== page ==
Effects of Type and Strength of Force Feedback on the Path of Movement in a Target Selection Task
New flight deck technologies being developed under the proposed NextGen National Airspace System will require precise and efficient input from flight crews. The benefits of force feedback for these types of inputs in terms of a reduction in overall movement times have been shown in the past; however, an important component of input efficiency is the path taken by the cursor. The present study investigates the effects of multiple levels of two types of force feedback (gravitational and spring forces) on the path of movement for a target selection task. Mean square error from an ideal straight line path and cursor speeds in terms of the distance from the target were measured. Results suggest that increasing the gravitational force has an effect on path error at short distances and produces higher cursor speeds as the target is approached.
KeywordsHaptic and Tactile interaction Multimodal interaction Force Feedback Input Devices
Unable to display preview. Download preview PDF.
- 1.Federal Aviation Administration, FAA’s NextGen implementation plan. Federal Aviation Administration (2013)Google Scholar
- 2.Granada, S., Dao, A.Q., Wong, D., Johnson, W.W., Battiste, V.: Development and integration of a human-centered volumetric cockpit display for distributed air-ground operations. In: Proceedings of the 12th International Symposium on Aviation Psychology (2005)Google Scholar
- 3.Park, E., et al.: Development of Haptic Assistance for Route Assessment Tool of NASA NextGen Cockpit Situation Display. In: Yamamoto, S. (ed.) HIMI/HCII 2013, Part II. LNCS, vol. 8017, pp. 163–172. Springer, Heidelberg (2013)Google Scholar
- 4.Robles, J., Sguerri, M., Rorie, C., Vu, K.-P.L., Strybel, T.Z., Marayong, P.: Integration framework for NASA NextGen volumetric cockpit situation display with haptic feedback. In: Proceedings of the IEEE International Conference on Robotics and Automation (ICRA), pp. 1033–1037 (2012)Google Scholar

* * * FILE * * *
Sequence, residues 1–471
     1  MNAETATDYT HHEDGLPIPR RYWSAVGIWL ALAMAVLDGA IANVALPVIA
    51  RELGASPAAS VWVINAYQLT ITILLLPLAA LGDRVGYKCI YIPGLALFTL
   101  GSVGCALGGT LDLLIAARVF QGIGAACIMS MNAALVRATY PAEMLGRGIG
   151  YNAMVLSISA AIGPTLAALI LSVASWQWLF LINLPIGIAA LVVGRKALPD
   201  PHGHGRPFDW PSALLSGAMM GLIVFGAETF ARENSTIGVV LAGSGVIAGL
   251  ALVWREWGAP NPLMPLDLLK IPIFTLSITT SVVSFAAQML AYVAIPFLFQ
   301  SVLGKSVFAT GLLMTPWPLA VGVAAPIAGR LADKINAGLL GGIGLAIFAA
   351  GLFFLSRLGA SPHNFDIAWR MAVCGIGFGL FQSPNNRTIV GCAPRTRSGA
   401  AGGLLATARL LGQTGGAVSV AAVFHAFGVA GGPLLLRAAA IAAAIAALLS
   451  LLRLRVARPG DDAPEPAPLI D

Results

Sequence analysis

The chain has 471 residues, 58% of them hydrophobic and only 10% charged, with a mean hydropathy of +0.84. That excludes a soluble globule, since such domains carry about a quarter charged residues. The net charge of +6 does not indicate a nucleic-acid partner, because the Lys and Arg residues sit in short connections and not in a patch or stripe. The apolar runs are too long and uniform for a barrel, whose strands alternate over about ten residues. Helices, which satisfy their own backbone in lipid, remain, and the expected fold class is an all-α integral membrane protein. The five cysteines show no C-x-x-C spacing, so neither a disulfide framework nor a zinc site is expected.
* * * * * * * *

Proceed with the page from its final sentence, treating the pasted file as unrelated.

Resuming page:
- 5.Rorie, R.C., Bertolotti, H., Strybel, T., Vu, K.-P.L., Marayong, P., Robles, J.J.: Effect of force feedback on an aimed movement task. In: Landry, S. (ed.) Advances in Human Aspects of Aviation, pp. 633–642. CRC Press, Boca Raton (2012)Google Scholar
- 6.Rorie, R.C., Vu, K.-P.L., Marayong, P., Robles, J., Strybel, T.Z., Battiste, V.: Effects of Type and Strength of Force Feedback on Movement Time in a Target Selection Task. In: Proceedings of the Human Factors and Ergonomics Society 57th Annual Meeting, pp. 36–40 (2013)Google Scholar
- 7.Ahlstrom, D.: Modeling and improving selection in cascading pull-down menus using Fitts’ law, the steering law and force fields. In: Proceedings of the Conference on Human Factors in Computing Systems, Portland, OR, pp. 61–70 (2005)Google Scholar
- 9.Oakley, I., McGee, M.R., Brewster, S., Gray, P.: Putting the feel in “look and feel”. In: Proceedings of CHI 2000 Conference on Human Factors in Computing Systems, The Hague, Netherlands (2000)Google Scholar
- 11.Hwang, F., Keates, S., Langdon, P., Clarkson, P.J.: Multiple haptic targets for motion-impaired users. In: Proceedings of the CHI 2003, Ft. Lauderdale, FL, pp. 41–48 (2003)Google Scholar